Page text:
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Jobs >> Articles >> Employment Career Feature >> Advice for Being Loyal
  • Employment Career Feature

Advice for Being Loyal

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Loyalty is one of the most admired virtues. At times, you will be faced with a dilemma whether or not to blow the whistle on illegitimate policies and practices of your employer. Here is a piece of advice --whether you have to be loyal or not.

  • Don't obey orders that you know to be illegal or against the best interests of the firm, your superior's performance, or your reputation. The ability to say "no" (which doesn't come easily) is the highest demonstration of loyalty.

  • Strive to find an organization that believes loyalty is reflected in hard work, but not useless "face time"; in trying to please your superior, but not in blind obedience; in protecting your firm's reputation, but not in false communications. Most of all, try to work for a firm that believes that communicating upward truthfully and candidly is the mark of a loyal employee.

  • Don't be naive in blowing the whistle. And don't expect to be a hero in your organization. Be very analytic and careful in assessing the facts on which your case would be based. Can you document company wrongdoing in a way that would persuade a skeptical reporter or a dispassionate judge that the actions and motives of management are what you say they are?

  • Consult your family. Explain why you feel it is necessary to act and try to win their support. Be frank in acknowledging that they may be hurt.

  • If you decide to go ahead, determine just what kind of company conduct you are protesting. If it is clearly illegal or unsafe conduct, you can hope to be vindicated and still work in the same job or industry. But if it is the lawful business or social policies that you feel you must protest, be aware that you will probably be dismissed.

  • Inform yourself fully of company procedures for appealing up through the chain of command to the highest available management level. Get a written copy of such complaint procedures and follow them rigorously.

  • Decide whether you want to act anonymously or publicly. If you want to keep your identity secret, consider consulting a whistle-blower group or an investigative reporter.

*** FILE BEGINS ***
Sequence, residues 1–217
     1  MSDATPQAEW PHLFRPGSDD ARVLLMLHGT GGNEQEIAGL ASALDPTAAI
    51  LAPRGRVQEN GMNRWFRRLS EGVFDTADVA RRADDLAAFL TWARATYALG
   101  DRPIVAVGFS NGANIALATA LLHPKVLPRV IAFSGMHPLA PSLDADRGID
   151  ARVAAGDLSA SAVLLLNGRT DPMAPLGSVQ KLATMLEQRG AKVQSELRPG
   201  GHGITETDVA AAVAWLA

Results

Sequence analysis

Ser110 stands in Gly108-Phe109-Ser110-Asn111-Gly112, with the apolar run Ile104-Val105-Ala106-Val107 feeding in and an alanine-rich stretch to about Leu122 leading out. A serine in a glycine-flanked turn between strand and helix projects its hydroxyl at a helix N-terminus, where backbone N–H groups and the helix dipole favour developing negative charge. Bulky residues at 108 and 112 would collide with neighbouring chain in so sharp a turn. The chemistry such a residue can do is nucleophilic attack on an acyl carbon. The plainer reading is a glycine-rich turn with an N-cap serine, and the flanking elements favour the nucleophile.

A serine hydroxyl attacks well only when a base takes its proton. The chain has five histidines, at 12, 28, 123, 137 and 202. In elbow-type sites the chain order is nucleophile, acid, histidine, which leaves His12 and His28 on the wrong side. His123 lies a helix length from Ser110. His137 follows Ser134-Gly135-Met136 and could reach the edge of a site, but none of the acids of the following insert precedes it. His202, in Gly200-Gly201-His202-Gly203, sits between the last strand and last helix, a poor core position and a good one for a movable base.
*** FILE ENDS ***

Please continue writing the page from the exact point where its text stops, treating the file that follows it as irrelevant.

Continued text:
• Before and while moving through internal channels, document your position at every step of the way. Keep a log of everything that happens.

  • If the problem is one that is regulated by law, learn what the procedures are for lodging a complaint with the relevant government agency. Look out for the time limits and whether complaints must be made first to company officials before the government.

  • Stay on your best behavior with superiors and peers. You don't want to create any additional problems for yourself.

  • If you are fired or forced to resign because of your protest, be aware that your right to discuss the case in public is strong but not unlimited. There could be some "gag-ruling" limitations while litigation is pending or if confidential proprietary information is involved.

  • If you cannot win damages or reinstatement through an appeal to a government regulatory agency (if any) with jurisdiction over the issue you have raised, be ready to consider a lawsuit alleging that your discharge or punitive treatment violates public policy.

  • Recognize that you will face ethical dilemmas no matter how moral you try to be. Mo evidence exists that unethical managers are more successful than ethical ones, but those who are less socially conscious may be promoted a bit faster. Therefore, periodically you should examine your personal values and question how much you will sacrifice for the firm. Try to define what is your personal line of compromise beyond which you will not retreat.

  • Courage is usually required to depart from unethical situations, but it can be even tougher to stay. Staying implies you either acquiesce at the expense of your integrity or that you will strive to change what is being done. And this means accepting responsibility and a measure of guilt while things are cleaned up. But this is what leadership is all about.

  • Do not automatically accept all the tales of managerial perversity that you hear. Attributing others' success to unethical behavior is sometimes an excuse for one's own personal inadequacies. Most of all, don't commit a wrongful act in the hope that your superior will see it as loyalty and reward you for it. Some will of course, but they may also sacrifice you when the firm is criticized.

Above all, strive to find a firm that generally shares your personal values. Ask prospective colleagues what principles you would be fired for violating. If they can't think of anything beyond stealing, the firm is not likely to value much else (or if it does, it hasn't communicated what). If, on the other hand, they can cite behavior which you also find unacceptable, you may have an employer with which you will feel compatible.

If this article has helped you in some way, will you say thanks by sharing it through a share, like, a link, or an email to someone you think would appreciate the reference.

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